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UK Regulator Expects Insurers to be Flexible During COVID-19 Pandemic

The UK’s Financial Conduct Authority (“FCA“) warned the insurance market at the end of last week that it must be flexible with customers amidst the COVID-19 pandemic.


Home and car insurance

The FCA noted that many home and car insurance customers would be more vulnerable because of travel and work plans changing on account of government social distancing advice. It stated, “We would not expect to see their ability to claim impacted by circumstances over which they have little control“.

Travel insurance

For travel insurance, some customers will have reasonably been relying on a policy renewal of their existing policy to cover a trip that was booked before the spread of COVID-19 escalated. In those circumstances, the FCA said it would expect insurers to pay out under the terms of the existing policy, even if the claim would post-date the renewal date.

Policy renewals and changes

Insurers must ensure that any new products sold or any renewed policies meet the needs of their customers and the FCA expects firms to clearly communicate any policy exclusions.

Firms are also expected to consider whether it is appropriate to make any policy changes/exclusions at renewal. They must be able to demonstrate that they are treating customers fairly. Certainly, firms should carefully consider before withdrawing products due for renewal simply to reduce risk of claims.

Some firms may be considering whether to make mid-term changes to existing policies. The FCA provided a clear list of considerations before doing so, indicating the risk of attempting such changes:

  • “Whether there is a written term in the contract that states they are able to make the change that they want to make.

  • Are the terms that they intend to rely upon fair and transparent under the Consumer Rights Act 2015 (or the Unfair Terms in Consumer Contracts Regulations 1999 if appropriate)?  

  • Whether they are applying the term properly, in accordance with the contract (for example, by complying with any notice period set out in the contract).

  • Whether due regard has been given to the interests of their customers and treating customers fairly (per FCA Principle 6). Also, to the information needs of their customers and communicating information in a way that is clear, fair and not misleading (per FCA Principle 7).

  • Whether there is any other reason in law or any other relevant FCA rules, and whether they are complying with them.”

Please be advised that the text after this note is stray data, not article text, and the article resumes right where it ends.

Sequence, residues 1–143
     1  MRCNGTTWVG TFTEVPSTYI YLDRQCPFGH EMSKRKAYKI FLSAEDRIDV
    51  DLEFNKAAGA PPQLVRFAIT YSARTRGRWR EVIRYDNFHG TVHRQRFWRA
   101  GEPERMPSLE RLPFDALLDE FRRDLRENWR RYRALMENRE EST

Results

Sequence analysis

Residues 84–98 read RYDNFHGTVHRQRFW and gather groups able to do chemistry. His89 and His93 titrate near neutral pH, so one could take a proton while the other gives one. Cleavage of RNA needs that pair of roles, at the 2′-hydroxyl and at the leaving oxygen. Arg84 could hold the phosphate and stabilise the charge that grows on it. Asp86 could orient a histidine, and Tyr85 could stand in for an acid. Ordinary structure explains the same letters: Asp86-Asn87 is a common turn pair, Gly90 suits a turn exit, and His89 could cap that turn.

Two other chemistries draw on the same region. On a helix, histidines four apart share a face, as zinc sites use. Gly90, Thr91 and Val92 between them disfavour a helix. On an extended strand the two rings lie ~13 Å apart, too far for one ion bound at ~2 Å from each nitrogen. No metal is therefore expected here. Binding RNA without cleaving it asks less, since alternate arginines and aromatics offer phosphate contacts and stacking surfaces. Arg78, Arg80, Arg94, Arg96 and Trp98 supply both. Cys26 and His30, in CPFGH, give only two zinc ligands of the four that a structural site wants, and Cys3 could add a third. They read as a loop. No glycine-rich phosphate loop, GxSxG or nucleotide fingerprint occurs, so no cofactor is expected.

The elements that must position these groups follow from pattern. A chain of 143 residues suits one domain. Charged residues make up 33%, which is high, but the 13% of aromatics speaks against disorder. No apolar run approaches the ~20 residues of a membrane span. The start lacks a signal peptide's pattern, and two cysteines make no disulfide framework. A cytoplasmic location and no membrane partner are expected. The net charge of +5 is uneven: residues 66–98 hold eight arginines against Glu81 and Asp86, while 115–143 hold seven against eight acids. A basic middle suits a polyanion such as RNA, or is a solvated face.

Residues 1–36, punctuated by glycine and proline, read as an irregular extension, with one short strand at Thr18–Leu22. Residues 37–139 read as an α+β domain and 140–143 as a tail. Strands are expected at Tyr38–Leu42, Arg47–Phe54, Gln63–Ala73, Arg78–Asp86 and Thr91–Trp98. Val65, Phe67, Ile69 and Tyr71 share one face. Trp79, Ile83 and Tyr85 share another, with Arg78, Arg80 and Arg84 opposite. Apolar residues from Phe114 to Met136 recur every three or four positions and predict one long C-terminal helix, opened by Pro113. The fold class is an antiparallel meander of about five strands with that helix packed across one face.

Business continuity

In order to manage and mitigate the operational impact of COVID-19, the FCA urged insurers to put careful plans in place. These include (i) having robust systems and controls to ensure business continuity; (ii) appointing dedicated Senior Managers to control the impact of COVID-19; (iii) acting in customers’ best interests; (iv) ensuring customer communications are clear, fair and not misleading; and (v) notifying the FCA of any gaps they identify in those plans that could harm their customers.


Firms should be taking this FCA guidance very seriously, particularly given the FCA has said it is prepared to delay or postpone other supervisory plans to concentrate on ensuring consumer and market protection during the COVID-19 pandemic. It is clear that the FCA’s attention is sharply focussed on these issues, the insurance market needs to tread carefully and pay close attention to the FCA’s pronouncements or else it will be storing up problems for the future.

Treating customers fairly has never been more important for firms.

© Copyright 2020 Squire Patton Boggs (US) LLPNational Law Review, Volume X, Number 83



About this Author

Garon Anthony Litigation Attorney Squire Patton Boggs Birmingham, UK

Garon is a partner in the Litigation Practice Group. He advises clients across the full range of commercial dispute issues, including cyber liability/data breach, professional negligence, banking, pensions and insurance.

Garon regularly acts for clients who are subject to investigations or disciplinary proceedings by national and international regulators, including most recently the Financial Conduct Authority, the Financial Reporting Council and the Dubai Financial Services Authority.

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Rose Chaudry, Squire Patton, Commercial Litigation Lawyer, Tortious Contracts Attorney

Rose Chaudry is an associate in the Litigation team with expertise in general commercial litigation. Rose qualified in September 2015 after completing her training contract with the firm.

Rose regularly acts for a diverse client base, including individuals and companies, from SMEs to PLCs. Rose has experience advising on a wide-range of matters of both a contractual and tortious nature, including breach of contract, breach of warranty, debt recovery, professional negligence and insurance.

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